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Earthlife Africa

Earthlife Africa is a South African environmental and anti-nuclear organization founded in August 1988, in Johannesburg . Initially conceived of a South African version of Greenpeace , the group began by playing a radical, anti- apartheid , activist role. ELA is arguably more of a reformist lobby or pressure group. Earthlife Africa has been criticized for being a key voice in the emerging environmental justicemovement, and by others for “working with traditional conservation movements” in furthering the environmental struggle.

The Earthlife Africa was formed at the first national conference at Dal Josophat , near Paarl (outside Cape Town ) during 1989. Earthlife Africa was chosen as a conscious attempt to avoid the two factions in GreenPeace who were vying for control of the organization. ELA therefore took a different approach to the environmental struggle.

The ELA constitution was initially loosely based on the Four Pillars of the Green Party and other movement documents. In attendance at this historical inauguration of South Africa ‘s Green Movement were various members of related environmental organizations and ecology groups including:

  • Peter Lukey
  • Chris Albertyn
  • Mike Kantey
  • Elfrieda Strauss
  • David Robert Lewis
  • Rachel Brown

According to Jacklyn Cock, “the concept of environmental justice was first introduced in South Africa at the Earthlife 1992 conference.” Environmental Justice Network Forum (EJNF) [1]More accurate, it was the Environmental Justice Network Forum (EJNF) which was initiated at the 1992 conference hosted by Earthlife Africa on the theme “What does it mean to be green in South Africa.” At this conference 325 civil society delegates resolved to redefine the environmental agenda in South Africa and to move beyond the loose anarchist constitution which had bounded members with ‘values’ as opposed to ‘rights’. The South African National Conference on Environment and Development had already been set the agenda of the green movement in 1991 and thus the 1992 ELA conference was merely a sequel and precursor of later development within the wider movement.

The exposure of pollution by Thor Chemicals, a company which has been imported into South Africa, by Earthlife and EJNF working closely with the Legal Resources Center, Chemical Workers Industrial Union, affected workers and local communities. framing and ‘browning’ of environmentalism in South Africa. [2]

Earthlife launched the People’s Environmental Center, the Greenhouse in 2002.

2007 ELA participates in a portfolio of nuclear industry hearing testimony, delivering submissions and hearing from widows and workers affected by the accident Pelindaba [3]

September 2010, Public Enterprises Minister Barbara Hogan announces the ANC government decision to mothball the PBMR project. The cost to the taxpayer is in the region of between R7bn and R9.5Bn wasted on an unproven technology which could not produce a working reactor after more than 11 years of research. [4]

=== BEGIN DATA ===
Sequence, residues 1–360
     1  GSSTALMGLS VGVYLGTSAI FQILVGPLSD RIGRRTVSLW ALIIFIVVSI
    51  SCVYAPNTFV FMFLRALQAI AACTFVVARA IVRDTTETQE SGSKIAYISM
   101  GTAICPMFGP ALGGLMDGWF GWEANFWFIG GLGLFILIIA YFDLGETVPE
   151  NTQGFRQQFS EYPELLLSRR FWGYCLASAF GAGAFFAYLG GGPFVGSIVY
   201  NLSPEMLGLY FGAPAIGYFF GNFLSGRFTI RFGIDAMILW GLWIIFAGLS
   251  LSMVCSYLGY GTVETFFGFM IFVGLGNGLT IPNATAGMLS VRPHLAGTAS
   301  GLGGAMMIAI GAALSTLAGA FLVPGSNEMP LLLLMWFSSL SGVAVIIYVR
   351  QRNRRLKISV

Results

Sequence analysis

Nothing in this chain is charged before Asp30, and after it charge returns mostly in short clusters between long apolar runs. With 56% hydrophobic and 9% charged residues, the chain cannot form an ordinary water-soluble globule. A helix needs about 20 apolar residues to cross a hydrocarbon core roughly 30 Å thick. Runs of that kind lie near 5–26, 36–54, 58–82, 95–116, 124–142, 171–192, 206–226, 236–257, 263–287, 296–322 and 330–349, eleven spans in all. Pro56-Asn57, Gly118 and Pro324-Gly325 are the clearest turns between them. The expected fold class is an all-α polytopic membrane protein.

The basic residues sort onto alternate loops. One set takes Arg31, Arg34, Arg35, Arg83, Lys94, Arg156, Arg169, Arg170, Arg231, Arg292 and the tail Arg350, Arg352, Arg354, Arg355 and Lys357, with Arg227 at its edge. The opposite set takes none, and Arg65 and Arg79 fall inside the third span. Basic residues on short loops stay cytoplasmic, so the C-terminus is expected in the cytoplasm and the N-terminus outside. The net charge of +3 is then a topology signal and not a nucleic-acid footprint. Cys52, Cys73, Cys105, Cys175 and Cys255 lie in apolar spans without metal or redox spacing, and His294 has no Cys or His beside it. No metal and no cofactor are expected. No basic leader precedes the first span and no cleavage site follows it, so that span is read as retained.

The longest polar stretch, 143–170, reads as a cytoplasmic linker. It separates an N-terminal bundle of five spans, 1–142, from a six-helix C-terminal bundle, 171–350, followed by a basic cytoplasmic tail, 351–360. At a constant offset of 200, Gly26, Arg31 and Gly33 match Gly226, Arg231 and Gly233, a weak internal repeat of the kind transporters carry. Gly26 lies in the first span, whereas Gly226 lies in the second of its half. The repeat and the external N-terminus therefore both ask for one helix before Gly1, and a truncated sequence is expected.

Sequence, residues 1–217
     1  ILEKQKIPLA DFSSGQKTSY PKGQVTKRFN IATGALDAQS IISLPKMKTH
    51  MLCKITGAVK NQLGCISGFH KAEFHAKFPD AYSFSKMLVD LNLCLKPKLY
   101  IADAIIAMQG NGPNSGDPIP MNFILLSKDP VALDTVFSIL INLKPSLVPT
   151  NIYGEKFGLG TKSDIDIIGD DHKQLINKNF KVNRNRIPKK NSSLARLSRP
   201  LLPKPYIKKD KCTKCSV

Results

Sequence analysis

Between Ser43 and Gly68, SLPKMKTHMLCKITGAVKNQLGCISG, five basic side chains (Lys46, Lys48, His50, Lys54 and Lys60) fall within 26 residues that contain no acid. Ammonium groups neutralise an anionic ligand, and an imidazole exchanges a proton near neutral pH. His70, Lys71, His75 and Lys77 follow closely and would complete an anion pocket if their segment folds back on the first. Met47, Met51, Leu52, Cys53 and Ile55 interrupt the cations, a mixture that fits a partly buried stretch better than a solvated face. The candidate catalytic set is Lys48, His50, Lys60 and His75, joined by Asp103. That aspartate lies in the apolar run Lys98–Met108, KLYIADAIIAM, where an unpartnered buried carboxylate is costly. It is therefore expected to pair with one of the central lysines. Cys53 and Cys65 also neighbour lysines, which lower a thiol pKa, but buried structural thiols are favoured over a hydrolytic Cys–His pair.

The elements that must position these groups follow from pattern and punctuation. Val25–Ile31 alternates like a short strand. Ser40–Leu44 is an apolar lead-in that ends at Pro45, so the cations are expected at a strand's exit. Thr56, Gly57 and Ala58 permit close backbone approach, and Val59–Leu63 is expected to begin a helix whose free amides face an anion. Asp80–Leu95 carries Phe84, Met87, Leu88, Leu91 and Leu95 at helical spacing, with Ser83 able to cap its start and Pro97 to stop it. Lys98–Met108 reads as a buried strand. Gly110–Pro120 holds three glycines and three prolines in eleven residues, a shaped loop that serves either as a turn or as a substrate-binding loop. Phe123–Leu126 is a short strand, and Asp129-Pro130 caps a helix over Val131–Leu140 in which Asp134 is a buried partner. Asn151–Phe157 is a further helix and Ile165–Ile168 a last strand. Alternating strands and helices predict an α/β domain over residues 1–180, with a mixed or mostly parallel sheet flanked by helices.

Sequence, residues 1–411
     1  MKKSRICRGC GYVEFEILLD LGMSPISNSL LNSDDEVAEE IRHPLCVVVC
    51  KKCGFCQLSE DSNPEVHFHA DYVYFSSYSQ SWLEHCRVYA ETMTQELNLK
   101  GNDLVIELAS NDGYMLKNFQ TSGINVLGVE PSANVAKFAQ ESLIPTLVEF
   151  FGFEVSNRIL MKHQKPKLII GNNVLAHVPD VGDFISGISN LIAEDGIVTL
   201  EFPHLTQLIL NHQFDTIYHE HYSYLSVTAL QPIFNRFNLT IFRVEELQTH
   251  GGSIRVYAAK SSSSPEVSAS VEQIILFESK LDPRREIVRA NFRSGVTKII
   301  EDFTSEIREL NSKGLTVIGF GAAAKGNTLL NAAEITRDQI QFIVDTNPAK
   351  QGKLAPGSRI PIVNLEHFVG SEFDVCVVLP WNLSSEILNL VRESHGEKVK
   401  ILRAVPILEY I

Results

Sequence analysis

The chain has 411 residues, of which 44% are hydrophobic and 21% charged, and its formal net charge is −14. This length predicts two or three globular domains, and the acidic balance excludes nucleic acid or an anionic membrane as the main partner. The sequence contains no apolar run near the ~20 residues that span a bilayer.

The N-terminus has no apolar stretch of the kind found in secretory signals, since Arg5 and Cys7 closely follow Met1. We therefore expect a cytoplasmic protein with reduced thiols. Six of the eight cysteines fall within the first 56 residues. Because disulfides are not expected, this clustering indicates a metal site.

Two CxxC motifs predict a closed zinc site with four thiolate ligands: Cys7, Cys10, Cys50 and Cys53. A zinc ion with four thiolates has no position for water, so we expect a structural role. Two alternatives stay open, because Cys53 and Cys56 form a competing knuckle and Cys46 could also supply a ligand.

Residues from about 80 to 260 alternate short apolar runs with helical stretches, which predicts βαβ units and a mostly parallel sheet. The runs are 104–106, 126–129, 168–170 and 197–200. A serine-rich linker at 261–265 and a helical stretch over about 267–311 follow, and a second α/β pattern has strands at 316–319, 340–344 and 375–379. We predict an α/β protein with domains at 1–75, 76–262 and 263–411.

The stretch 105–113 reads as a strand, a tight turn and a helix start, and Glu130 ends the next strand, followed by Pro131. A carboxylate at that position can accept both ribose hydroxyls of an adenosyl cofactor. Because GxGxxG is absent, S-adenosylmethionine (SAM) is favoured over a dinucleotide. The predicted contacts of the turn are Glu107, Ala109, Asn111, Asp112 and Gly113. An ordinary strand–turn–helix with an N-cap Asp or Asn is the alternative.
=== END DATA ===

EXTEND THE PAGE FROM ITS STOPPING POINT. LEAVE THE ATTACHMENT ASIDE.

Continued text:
Conveners

  • Maya Aberman (Cape Town Branch) 2006
  • Nosiphiwo Msithweni (Cape Town Branch) 2007

Campaigns

NECTEC brochure
  • Apartheid is an Ecology issue
  • Nuclear Energy Costs Earth Campaign (NECTEC)
  • Toxics Campaign relies on the introduction of incinerators, through input into EIAs
  • Sustainable Energy and Climate Change Partnership (SECCP)

Demonstrations

  • 1998: picket at Durban harbor against a nuclear waste ship
  • 2008: picket against the arrival of the USS Theodore Roosevelt [5]

Publicity

  • 1998: campaign against air pollution in Johannesburg, three prominent sculptures were decorated with gas masks. They disseminate information on climate change, genetic engineering and nuclear energy

Conferences

  • 1991 South African National Conference on Environment and Development
  • 1992 What does it mean to be green in South Africa.

Legal cases

  • 15 September 2003 Earthlife Africa – Cape Town launched a High Court application in Cape Town, seeking environmental impact assessment (EIA) authorization granted to Eskom to build a demonstration module Pebble Bed Modular Reactor (PBMR) at Koeberg, Cape Town. [6]
  • 2005 Earthlife Africa (Cape Town Branch) Eskom Holdings Ltd , Access to Information [7]
  • Earthlife Africa (Cape Town) v Director General Department of Environmental Affairs and Tourism (7653/03) [2005] ZAWCHC 7; 2005 (3) SA 156 (C) [2006] 2 All SA 44 (C) (26 January 2005) [8]The Director-General: Department of Environmental Affairs & Tourism Decision, made on 25 June 2003 in 22 (3) of the Environment Conservation Act 73 of 1989, authoring the Eskom Holding’s construction of a modular modular reactor at Koeberg, was reviewed and set aside. The subject matter of the proceedings is as follows: before making a decision anew on Eskom’s application. Both the Director-General and Eskom were jointly and severally responsible for costs, including the costs of two counsel.

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